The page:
James Vincent McMorrow says it is a “magical feeling” to be getting ready to play Ireland’s first live gig since the pandemic began.
Tickets for tonight’s at the Iveagh Gardens in Dublin sold out in seconds last week, with just 500 people allowed to attend.
McMorrow will be supported at the event by special guest Sorcha Richardson and, if you weren’t lucky enough to nab a ticket, the whole thing is being streamed live on YouTube.
On Lunchtime Live this afternoon, McMorrow said it is an “incredible” feeling to finally be preparing to take to the stage.
“It is a feeling I haven’t personally felt in the longest time,” he said. “Even the last shows I played my expectation was there would be another show …
“I’ve been doing this for the last ten years so you get a different feeling. You get butterflies but it is not the same. So today I woke up and it feels like … I dunno, like magic.
for anyone who didn't manage to get a ticket for the show tomorrow, I'm really happy to announce that we're live streaming the show in Iveagh Gardens on Youtube!
— James Vincent McMorrow (@jamesvmcmorrow) June 9, 2021
He said preparing for a show after such a long wait definitely carries an extra bit of nervousness with it.
“There is obviously a weight of expectation that you can’t help but feel,” he said.
“This is the first proper show back in a long time and I want to do it justice. I want to really live up to that expectation and show something.”
“I think music has really just gotten lost in the conversation. Obviously so much stuff stopped and music just got dropped to the bottom of the pile a little bit and I feel like I really want to step it up and show people something – so there is an amount of nervousness but we are very ready for it.”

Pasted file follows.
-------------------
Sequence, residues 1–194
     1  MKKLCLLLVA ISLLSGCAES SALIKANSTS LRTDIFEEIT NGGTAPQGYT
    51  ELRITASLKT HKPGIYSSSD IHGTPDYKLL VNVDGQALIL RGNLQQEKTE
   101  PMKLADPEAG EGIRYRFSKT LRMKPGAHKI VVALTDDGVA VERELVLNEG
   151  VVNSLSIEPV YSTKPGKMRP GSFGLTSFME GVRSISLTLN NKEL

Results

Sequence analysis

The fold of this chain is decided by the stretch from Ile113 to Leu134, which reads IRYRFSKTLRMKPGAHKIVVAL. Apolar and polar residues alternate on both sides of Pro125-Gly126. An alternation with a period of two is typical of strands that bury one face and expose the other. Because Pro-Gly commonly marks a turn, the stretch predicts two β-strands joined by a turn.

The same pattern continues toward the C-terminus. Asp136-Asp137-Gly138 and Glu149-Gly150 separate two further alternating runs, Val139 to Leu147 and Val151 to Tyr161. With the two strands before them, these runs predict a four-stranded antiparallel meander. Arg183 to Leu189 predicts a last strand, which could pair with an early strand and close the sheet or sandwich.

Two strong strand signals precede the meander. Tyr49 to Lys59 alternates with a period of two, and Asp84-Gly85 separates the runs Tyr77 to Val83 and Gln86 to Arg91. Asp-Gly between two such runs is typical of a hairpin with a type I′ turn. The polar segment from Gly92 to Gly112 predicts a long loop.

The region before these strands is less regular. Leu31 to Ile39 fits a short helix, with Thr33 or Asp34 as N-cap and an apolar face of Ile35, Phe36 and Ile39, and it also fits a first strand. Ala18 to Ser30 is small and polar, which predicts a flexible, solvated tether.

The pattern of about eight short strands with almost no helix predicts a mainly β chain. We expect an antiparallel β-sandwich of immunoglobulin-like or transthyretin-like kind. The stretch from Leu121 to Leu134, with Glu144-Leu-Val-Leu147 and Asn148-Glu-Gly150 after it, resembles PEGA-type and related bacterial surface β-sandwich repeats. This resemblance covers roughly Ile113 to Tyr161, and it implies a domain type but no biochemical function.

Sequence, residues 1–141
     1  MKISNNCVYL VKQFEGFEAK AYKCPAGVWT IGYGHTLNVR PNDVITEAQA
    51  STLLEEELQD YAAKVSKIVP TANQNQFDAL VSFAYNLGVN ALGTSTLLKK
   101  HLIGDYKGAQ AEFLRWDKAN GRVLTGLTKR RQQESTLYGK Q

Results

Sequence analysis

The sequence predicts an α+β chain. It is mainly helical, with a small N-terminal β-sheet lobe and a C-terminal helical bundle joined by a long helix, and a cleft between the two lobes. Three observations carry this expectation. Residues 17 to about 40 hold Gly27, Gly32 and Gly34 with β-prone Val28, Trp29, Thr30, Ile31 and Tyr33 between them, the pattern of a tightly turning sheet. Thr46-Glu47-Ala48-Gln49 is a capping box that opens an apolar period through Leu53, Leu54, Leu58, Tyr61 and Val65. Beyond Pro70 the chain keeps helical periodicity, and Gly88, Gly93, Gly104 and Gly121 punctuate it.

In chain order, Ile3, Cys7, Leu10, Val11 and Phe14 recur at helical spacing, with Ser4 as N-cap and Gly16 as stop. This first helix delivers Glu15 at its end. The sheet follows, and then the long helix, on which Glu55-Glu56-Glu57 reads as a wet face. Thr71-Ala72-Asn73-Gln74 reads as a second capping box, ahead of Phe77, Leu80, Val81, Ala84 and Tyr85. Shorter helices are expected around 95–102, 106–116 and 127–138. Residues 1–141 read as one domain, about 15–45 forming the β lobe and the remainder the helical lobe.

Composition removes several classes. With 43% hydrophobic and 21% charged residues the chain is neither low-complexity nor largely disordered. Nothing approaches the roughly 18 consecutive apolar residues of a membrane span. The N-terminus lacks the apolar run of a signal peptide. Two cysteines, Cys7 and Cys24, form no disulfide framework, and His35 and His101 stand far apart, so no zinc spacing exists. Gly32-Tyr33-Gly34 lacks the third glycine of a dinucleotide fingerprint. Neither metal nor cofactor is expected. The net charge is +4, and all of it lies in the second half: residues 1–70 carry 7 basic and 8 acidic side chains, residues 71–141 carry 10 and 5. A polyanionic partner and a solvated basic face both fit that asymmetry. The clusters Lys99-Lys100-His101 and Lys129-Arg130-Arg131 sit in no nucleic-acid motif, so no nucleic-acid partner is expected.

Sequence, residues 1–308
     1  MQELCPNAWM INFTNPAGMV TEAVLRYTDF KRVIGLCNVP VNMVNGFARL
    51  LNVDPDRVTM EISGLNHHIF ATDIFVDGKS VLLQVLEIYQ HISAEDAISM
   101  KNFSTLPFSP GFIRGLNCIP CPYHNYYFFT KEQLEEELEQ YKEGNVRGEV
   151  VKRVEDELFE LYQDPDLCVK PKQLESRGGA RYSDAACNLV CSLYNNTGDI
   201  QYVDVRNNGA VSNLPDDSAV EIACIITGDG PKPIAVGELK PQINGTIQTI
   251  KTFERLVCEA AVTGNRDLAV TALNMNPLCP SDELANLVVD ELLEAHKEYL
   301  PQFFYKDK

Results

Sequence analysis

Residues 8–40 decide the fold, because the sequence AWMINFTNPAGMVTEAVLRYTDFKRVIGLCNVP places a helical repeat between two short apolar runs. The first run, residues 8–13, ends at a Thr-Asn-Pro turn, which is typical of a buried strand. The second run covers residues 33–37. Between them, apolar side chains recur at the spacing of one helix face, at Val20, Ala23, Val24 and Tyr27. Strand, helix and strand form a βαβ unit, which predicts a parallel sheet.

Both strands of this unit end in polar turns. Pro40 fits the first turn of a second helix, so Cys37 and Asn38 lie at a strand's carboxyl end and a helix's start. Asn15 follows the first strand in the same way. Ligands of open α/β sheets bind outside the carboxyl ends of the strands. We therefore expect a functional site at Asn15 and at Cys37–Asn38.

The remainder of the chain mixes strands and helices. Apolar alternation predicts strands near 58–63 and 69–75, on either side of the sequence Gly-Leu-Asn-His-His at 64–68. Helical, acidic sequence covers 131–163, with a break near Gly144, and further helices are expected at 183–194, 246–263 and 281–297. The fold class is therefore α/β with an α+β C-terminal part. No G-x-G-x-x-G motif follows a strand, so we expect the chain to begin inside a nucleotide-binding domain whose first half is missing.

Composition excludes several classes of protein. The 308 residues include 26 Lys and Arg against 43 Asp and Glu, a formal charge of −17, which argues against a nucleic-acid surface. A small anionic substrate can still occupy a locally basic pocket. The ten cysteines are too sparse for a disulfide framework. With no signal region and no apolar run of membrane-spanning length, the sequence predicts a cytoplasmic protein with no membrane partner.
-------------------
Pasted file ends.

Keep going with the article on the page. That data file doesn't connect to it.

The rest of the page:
— Gary Sheehan (@sheehan_gary) June 8, 2021
He said the most important thing about tonight is seeing so many people who have been out of work for so long getting back together.
“That is a huge thing,” he said. “There are around 40 or 50 people.”
“Like, 20 people within my crew, including band and crewmembers that I would hire if I was playing normally and then there is 20 or 30 people involved on the Iveagh Gardens/National Concert Hall side bringing it all together.
“That is 40 or 50 people that for the last two or three weeks have had their livelihood returned to them.”
Paradise live from Grouse Lodge now up on YouTube.
Was gonna hold this video back, but to celebrate the return of live music, it’s gotta be done! gonna perform the shit out of this and so many others next week. https://t.co/iOiJRVCOpt pic.twitter.com/BfI3sUciaT
— James Vincent McMorrow (@jamesvmcmorrow) June 3, 2021
He said for many people working in music there was no question of retraining or finding another path in life after the pandemic.
“If you don’t work in music, it is very hard to describe it,” he said. “I assume it is comparable to other industries but this is the only one I’ve known.
“My drummer Paul described it as when he found music, he found his tribe; he found his people.
“This is a group of people that all live the same life – whether it is a guitar tech or someone in my position or a drummer in a band, we have all done this because we love it and we understand that there are sacrifices and there is a push and pull to it but we are in it because this gives us our sense of meaning; our sense of purpose.”
The all-standing concert will see people placed in a pod alongside those they bought tickets with.
The pods will be socially distanced from all pods around them.
Concert-goers are requested to wear masks at all times other than when they are in their pods.
A contact name and number was also required from all ticketholders to assist with contact tracing in the event of a confirmed case of COVID-19
The gig gets underway at 7pm this evening.